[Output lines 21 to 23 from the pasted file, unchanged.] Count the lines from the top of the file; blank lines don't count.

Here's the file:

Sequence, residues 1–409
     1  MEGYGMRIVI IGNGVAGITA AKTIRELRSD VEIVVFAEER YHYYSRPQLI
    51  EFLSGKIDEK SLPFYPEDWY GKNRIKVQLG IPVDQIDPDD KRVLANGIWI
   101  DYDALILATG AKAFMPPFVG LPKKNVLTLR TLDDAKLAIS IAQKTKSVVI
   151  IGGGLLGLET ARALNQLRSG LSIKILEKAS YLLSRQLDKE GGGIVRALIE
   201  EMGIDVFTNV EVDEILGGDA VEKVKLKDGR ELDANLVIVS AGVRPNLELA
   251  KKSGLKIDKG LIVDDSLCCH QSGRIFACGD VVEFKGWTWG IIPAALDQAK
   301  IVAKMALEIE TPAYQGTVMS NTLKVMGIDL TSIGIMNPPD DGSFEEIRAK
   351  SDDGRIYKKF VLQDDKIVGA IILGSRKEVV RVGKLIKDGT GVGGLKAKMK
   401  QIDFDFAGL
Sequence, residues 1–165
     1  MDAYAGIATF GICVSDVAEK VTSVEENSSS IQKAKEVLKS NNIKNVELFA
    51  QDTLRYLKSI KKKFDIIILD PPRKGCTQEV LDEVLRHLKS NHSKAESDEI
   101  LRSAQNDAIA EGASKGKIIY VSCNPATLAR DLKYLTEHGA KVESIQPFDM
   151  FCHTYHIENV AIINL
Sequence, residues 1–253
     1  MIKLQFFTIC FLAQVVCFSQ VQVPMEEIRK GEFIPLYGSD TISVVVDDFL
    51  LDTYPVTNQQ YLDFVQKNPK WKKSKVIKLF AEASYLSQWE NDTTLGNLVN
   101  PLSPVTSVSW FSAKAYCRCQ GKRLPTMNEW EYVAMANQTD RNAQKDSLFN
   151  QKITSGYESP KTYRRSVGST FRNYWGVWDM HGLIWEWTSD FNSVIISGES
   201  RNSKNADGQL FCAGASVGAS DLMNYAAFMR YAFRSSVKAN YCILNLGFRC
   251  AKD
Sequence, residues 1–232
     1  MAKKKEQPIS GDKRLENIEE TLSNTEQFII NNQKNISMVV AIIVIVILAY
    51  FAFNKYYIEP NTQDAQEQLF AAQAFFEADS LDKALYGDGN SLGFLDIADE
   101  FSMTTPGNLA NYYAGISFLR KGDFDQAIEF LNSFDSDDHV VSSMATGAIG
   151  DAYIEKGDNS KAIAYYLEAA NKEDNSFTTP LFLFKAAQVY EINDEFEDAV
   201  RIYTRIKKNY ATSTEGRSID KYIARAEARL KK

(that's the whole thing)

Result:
   201  RNSKNADGQL FCAGASVGAS DLMNYAAFMR YAFRSSVKAN YCILNLGFRC
   251  AKD
Sequence, residues 1–232